These Coconut Protein Balls taste like no bake bars, contain just 6 ingredients with no added sugars, and take 20 minutes to make. This protein balls recipe is perfect for pre/post-workout healthy snacks or way to curb sweet cravings, with 5g protein per portion!
In fact, is similar to my almond joy protein balls – but even healthier. You may also enjoy these peanut butter protein balls, a more adult treat like these healthy rum balls or decadent snowball cookies!
Table of contents
High Protein No Bake Protein Balls Recipe
In Ukraine, it’s very typical to sustain yourself on three main meals per day, with no snacking between. However, the diet my family and I have become used to over the years away from Ukraine involves eating every 3-4 hours, which means snacking between main meals. Luckily, that doesn’t mean we have to fill our bodies with junk, though – which is where high-protein snacks like homemade protein bars, high protein cookies, these coconut protein balls and our list of healthy snacks come in.
These coconut date balls are made up of just 6 all-natural pantry ingredients with an almond, date, and chocolate center rolled in shredded coconut. The combination creates nutrient-dense energy balls that are loaded with healthy fats, protein, antioxidants, and various other vitamins and minerals. Best of all – the protein balls recipe is gluten-free, sugar-free-using dates to naturally sweeten the energy balls, and can even be made nut-free!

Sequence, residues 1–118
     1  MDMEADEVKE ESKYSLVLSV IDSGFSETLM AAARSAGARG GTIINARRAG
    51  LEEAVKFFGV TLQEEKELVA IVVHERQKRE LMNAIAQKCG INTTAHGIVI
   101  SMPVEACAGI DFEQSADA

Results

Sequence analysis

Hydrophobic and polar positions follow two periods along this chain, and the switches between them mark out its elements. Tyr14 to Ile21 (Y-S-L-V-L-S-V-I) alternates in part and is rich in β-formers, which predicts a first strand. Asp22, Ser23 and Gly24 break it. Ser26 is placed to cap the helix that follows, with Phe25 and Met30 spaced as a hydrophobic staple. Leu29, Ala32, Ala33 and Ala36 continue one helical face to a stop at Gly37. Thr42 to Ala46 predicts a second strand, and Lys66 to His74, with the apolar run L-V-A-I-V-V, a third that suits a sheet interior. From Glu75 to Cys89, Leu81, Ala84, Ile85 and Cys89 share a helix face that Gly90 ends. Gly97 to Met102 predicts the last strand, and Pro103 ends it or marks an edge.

And if you love the coconut chocolate combination, you might love some of these other snacks, too. Perhaps these healthy chocolate coconut balls, chocolate coconut flour muffins, or even decadent coconut oil fudge – yummy!
This grab-and-go snack is a great way to easily up your protein and fuel the body with healthy nourishment rather than just grabbing the nearest snack available (which I’m guilty of doing on occasion). They also travel very well, making them great for tucking into lunchboxes or enjoying while on the road (or sea or air)– along with these chicken quesadillas and egg muffins.
This no-bake treat takes just 20 minutes to prepare, too. So really, it’s a win-win situation all around! You may also love this healthy no bake nutella pie for a more decadent treat!
The Ingredients and Substitutions
- Medjool Dates: Medjool are the best date variety to use for texture and flavor, and are high in fiber, several vitamins, and are a great low-GI sweetener. However, you could use other date varieties if needed (soaked to soften) or a similar dried fruit like apricot or fig to sub some or all the Medjool dates.
- Almonds: You could substitute the almonds for another nut (like cashews/pecans/walnuts), but then the protein content will decrease, and the nutrition values will change. You may be able to make this recipe nut-free by using sunflower seeds instead – which contain only very slightly lower protein content than almonds and are super nutrient-dense!
- Cacao Powder: or unsweetened cocoa powder will pack in antioxidants and chocolate flavor to the coconut energy balls.